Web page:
I was wondering if there is any equation that helps to calculate air velocity through a pipe? I cannot find anything although I did find that velocity of air (not in a pipe) can be found by:enter image description here

Is there anyway, however, to use this equation to find velocity of air in a pipe?


closed as off-topic by Bernhard, Kyle Kanos, ACuriousMind, CuriousOne, Gert Mar 23 '16 at 1:51

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    $\begingroup$ duplicate of this question on Engineering... $\endgroup$ – nluigi Mar 22 '16 at 18:27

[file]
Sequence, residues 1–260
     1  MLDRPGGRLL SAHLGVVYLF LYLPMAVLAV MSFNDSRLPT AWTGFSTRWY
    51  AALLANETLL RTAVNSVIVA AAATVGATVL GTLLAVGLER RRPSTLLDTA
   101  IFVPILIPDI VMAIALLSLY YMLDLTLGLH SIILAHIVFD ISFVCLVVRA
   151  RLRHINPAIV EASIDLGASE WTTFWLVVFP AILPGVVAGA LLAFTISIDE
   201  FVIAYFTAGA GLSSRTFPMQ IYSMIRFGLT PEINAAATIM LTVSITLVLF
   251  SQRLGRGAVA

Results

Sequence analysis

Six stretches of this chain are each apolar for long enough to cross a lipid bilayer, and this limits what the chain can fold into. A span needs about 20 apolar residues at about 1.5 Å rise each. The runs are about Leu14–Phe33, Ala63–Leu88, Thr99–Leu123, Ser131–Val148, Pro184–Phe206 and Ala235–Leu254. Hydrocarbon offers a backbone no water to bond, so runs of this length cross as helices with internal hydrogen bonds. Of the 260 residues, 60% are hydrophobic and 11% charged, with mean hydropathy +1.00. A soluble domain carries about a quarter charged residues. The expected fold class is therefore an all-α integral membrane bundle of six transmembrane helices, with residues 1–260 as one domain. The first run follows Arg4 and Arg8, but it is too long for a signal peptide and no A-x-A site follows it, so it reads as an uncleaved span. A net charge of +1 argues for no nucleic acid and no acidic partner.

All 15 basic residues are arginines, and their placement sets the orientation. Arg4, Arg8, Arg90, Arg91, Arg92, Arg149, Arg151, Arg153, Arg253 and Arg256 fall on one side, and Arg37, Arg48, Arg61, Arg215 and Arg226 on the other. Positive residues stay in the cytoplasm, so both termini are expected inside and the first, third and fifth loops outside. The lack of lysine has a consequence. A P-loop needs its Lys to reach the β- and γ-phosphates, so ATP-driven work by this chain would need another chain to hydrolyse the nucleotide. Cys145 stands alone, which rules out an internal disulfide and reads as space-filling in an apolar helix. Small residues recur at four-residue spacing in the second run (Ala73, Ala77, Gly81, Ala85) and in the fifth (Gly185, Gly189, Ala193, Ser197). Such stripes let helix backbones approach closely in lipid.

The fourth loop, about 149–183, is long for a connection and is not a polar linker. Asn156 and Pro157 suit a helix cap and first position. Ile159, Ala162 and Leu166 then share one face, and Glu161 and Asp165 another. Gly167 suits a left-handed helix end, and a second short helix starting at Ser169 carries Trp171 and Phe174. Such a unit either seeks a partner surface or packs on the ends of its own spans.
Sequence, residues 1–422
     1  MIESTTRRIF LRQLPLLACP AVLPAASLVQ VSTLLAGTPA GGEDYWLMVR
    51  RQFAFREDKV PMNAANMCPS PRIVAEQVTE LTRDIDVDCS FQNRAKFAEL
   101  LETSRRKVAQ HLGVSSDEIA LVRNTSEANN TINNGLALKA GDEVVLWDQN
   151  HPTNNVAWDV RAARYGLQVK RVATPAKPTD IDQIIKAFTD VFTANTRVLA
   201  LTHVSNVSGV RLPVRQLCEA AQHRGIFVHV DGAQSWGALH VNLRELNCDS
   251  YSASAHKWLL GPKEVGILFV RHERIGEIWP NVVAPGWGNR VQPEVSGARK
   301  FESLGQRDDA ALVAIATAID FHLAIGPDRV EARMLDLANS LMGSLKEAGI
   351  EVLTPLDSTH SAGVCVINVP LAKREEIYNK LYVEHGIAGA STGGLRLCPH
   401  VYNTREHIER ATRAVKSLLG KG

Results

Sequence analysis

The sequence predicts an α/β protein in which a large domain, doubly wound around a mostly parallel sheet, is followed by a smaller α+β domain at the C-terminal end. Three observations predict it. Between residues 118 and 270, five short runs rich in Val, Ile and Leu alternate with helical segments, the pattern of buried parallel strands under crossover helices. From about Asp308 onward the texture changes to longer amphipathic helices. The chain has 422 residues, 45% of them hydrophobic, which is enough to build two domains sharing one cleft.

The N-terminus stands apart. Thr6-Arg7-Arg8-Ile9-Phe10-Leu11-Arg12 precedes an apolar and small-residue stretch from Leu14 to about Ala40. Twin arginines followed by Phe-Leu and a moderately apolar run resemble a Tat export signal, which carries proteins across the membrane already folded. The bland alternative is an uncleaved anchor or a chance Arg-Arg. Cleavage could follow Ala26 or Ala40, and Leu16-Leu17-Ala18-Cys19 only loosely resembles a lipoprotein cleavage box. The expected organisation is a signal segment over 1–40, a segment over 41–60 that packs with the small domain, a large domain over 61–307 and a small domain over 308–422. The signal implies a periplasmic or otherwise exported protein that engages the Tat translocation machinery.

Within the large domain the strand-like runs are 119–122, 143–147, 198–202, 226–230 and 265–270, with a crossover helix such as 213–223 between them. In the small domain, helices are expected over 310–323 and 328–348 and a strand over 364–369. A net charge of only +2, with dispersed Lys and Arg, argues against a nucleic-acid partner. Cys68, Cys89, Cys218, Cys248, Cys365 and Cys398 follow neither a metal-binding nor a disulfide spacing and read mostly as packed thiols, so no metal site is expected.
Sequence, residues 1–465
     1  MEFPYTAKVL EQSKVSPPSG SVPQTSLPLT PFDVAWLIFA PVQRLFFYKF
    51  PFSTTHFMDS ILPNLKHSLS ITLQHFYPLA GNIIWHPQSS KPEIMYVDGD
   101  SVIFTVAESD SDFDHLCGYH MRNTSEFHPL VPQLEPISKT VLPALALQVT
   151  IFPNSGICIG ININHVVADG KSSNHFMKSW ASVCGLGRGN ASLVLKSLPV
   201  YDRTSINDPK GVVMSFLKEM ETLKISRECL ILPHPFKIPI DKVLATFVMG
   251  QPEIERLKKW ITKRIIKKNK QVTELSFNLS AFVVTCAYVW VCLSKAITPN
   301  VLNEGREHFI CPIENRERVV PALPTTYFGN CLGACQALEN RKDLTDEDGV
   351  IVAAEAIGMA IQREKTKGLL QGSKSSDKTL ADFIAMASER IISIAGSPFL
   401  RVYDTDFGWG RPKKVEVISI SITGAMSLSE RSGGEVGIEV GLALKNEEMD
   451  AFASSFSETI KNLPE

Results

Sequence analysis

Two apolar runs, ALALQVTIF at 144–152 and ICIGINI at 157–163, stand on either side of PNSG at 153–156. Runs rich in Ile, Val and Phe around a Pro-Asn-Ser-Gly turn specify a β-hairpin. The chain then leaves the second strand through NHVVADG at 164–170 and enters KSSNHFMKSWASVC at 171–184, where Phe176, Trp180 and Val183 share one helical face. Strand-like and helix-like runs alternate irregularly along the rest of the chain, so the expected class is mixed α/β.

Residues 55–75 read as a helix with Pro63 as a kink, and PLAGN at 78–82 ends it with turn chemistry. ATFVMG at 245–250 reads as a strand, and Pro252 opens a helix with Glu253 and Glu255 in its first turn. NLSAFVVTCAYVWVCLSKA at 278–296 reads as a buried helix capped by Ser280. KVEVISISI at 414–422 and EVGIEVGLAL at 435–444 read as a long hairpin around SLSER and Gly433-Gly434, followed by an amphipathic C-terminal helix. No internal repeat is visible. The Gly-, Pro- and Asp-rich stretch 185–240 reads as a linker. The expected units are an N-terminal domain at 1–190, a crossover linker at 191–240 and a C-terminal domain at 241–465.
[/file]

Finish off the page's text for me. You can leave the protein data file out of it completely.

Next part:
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    $\begingroup$ that is dealing with water i am dealing with air $\endgroup$ – user510 Mar 22 '16 at 18:32
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    $\begingroup$ the equations are the same for air and water, i.e. newtonian fluids in general $\endgroup$ – nluigi Mar 22 '16 at 19:07
  • $\begingroup$ no because air's velocity will depend on its temperature $\endgroup$ – user510 Mar 22 '16 at 22:05
  • $\begingroup$ The density of air is dependent on the temperature, the same with the density of water. Are you dealing with nonisothermal and compressible flows? If not then the equations are exactly the same except you use the density and viscosity of air instead of water. $\endgroup$ – nluigi Mar 22 '16 at 22:10